The SVO during 2007 registered 81 cases of corruption. On the other hand the Azad led government has so for failed to take tough action against these corrupt officials, particularly the big fish. Instead these officials were rewarded with promotions and plum postings .

Here is the sample.

Ghulam Nabi Bodha: Deputy Commissioner, Ganderbal

2006: Bodha was Director Social Welfare when in 2006, Vigilance Organization registered a case (FIR No 5/06) against him for purchase of sub-standard non-nutritional items on exorbitant rates in connivance with SICOP during 2004-05. The case is still with SVO.

2007: A year later, on April 4, 2007 Bodha was not only reinstated but was also given a better position and appointed as Deputy Commissioner Ganderbal.

Mohammad Aslam Laigaroo: Vice Chairman, Srinagar Development Authority with an additional charge of Managing Director State Forest Corporation

1995: Vigilance Organization registers a case of disproportionate assets (FIR No 2895) worth rupees 56 lakh against Laigaroo. The case is pending in the High Court. Despite it, Laigaroo, who was suspended earlier was reinstated and given the plum postings in the administration as Vice Chairman, Srinagar Development Authority with an additional charge of Managing Director State Forest Corporation.Nazir Ahmad Shah: Chief Engineer R&B (suspended)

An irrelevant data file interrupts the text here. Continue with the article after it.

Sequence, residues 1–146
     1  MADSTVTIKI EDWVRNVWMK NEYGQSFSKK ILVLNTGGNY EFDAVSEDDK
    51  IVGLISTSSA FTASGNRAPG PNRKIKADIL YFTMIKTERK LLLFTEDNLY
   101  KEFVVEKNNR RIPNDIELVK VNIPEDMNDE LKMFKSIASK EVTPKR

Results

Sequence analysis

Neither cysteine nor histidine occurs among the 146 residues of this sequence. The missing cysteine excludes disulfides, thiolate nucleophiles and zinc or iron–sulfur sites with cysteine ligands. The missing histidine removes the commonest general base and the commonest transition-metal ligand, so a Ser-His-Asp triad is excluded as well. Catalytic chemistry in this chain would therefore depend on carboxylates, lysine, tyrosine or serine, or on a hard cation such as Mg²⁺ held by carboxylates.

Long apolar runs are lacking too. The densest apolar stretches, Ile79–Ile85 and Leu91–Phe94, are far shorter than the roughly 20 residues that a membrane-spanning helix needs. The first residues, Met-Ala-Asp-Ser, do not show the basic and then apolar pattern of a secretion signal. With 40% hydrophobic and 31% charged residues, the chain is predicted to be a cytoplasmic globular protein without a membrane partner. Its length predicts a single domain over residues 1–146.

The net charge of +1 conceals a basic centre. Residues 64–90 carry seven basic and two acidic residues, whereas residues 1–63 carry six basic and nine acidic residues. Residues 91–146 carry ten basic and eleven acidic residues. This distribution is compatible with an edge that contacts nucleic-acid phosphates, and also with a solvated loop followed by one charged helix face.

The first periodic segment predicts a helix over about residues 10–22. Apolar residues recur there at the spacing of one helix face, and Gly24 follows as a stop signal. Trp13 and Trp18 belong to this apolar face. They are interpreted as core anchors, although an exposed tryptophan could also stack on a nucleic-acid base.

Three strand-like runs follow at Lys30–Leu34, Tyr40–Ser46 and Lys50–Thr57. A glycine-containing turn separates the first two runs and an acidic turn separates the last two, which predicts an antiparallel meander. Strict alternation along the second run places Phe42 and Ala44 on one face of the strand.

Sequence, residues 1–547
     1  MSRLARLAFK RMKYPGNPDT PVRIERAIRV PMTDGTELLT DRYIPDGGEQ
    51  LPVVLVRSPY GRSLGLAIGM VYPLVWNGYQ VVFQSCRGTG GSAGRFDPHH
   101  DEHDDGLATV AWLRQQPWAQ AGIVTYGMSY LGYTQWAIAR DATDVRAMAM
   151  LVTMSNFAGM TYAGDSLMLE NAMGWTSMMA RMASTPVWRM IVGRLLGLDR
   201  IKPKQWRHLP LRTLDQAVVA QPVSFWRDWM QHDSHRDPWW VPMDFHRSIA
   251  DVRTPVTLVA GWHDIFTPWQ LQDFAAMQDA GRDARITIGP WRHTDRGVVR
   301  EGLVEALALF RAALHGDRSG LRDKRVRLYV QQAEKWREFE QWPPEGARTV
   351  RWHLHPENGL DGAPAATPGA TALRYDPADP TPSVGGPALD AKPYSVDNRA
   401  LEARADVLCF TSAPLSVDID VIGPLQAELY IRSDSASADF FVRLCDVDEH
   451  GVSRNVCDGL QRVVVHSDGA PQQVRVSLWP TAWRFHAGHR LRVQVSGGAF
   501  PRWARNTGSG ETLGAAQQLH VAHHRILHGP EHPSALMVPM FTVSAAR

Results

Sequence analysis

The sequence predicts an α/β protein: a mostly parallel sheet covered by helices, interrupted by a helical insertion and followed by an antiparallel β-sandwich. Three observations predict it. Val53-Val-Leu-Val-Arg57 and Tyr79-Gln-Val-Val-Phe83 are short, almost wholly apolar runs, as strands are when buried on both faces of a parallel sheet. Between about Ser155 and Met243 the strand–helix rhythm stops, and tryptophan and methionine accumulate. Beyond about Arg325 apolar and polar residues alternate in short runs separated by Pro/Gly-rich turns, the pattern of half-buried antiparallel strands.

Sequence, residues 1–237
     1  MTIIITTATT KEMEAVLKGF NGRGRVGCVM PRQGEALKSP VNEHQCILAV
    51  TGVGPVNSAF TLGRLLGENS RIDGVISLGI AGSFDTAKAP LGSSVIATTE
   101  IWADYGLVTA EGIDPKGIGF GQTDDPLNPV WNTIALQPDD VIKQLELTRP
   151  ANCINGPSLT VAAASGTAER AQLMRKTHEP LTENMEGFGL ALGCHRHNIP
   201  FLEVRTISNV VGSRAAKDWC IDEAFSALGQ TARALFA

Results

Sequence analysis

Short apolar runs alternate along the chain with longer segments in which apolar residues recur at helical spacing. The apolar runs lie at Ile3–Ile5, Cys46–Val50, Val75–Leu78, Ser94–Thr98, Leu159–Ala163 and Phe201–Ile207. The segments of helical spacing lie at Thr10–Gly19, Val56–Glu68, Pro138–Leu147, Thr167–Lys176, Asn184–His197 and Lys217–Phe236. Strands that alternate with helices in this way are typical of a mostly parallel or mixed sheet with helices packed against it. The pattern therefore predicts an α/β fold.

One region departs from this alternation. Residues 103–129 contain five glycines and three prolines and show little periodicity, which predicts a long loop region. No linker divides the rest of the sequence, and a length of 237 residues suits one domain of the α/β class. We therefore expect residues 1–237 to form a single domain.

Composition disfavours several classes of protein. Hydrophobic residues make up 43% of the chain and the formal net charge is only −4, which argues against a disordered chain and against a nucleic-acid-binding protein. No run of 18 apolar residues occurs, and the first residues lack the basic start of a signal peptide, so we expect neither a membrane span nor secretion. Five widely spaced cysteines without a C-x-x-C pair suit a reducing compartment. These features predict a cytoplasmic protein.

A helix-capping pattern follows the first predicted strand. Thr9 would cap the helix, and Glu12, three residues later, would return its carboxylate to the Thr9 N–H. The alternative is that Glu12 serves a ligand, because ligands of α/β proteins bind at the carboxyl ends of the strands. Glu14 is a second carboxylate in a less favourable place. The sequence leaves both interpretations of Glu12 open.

2005: Vigilance Organization registers two cases (FIR No 26/05 and 27/05) against Shah, the then Executive Engineer, Roads and Buildings, Sopore for purchase of material on highly exorbitant rates in R&B Division Sopore.

2006: Shah was promoted as Chief Engineer, R&B, Kashmir. But he was not lucky as only six months later he was trapped and arrested by Vigilance sleuths while accepting bribe of rupees 30000 from a contractor (FIR No 18/07). He was suspended again.

Ghulam Hyder Bhat and Bashir Ahmad:

2007: Vigilance organization registers cases (FIR No 2/07) against Bhat, the then Director, Agriculture Kashmir and Bashir Ahmad, the then Joint Director, Agriculture Kashmir. They were accused of indulging in corrupt practices in the purchase of seed and the irrigation pumps, however, no action was taken.

2008: Ghulam Hyder Bhat retired as Director Agriculture (Kashmir) on March 31, 2008, while as Bashir Ahmad was posted as Joint Director, Agriculture, Jammu.

Ajit Kumar (Senior Bureaucrat, Now Retired).

Ajit Kumar was one of the senior bureaucrats who served in the state bureaucracy. His name figured in the infamous jute scam. The SVO registered a case but no action was taken by the state government against him. Even after the registration of the case against him by the SVO, Ajit Kumar enjoyed certain plum postings. He has now retired. The case is still pending.

The state government’s failure to take action against them and other corrupt officials caught by the SVO has lead to a sense of demoralization and dejection among some of the vigilance officials, said an SVO official, wishing anonymity.“We work hard and honestly but when the government doen’t take action, it is frustrating,” he said.